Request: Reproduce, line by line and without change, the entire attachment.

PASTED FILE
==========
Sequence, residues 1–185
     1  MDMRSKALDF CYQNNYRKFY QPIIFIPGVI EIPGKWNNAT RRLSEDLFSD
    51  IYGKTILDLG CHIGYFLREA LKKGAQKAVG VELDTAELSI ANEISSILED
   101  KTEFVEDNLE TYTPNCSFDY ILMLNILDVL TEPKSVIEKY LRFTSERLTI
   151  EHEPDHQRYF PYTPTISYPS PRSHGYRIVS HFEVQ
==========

Sequence, residues 1–185
     1  MDMRSKALDF CYQNNYRKFY QPIIFIPGVI EIPGKWNNAT RRLSEDLFSD
    51  IYGKTILDLG CHIGYFLREA LKKGAQKAVG VELDTAELSI ANEISSILED
   101  KTEFVEDNLE TYTPNCSFDY ILMLNILDVL TEPKSVIEKY LRFTSERLTI
   151  EHEPDHQRYF PYTPTISYPS PRSHGYRIVS HFEVQ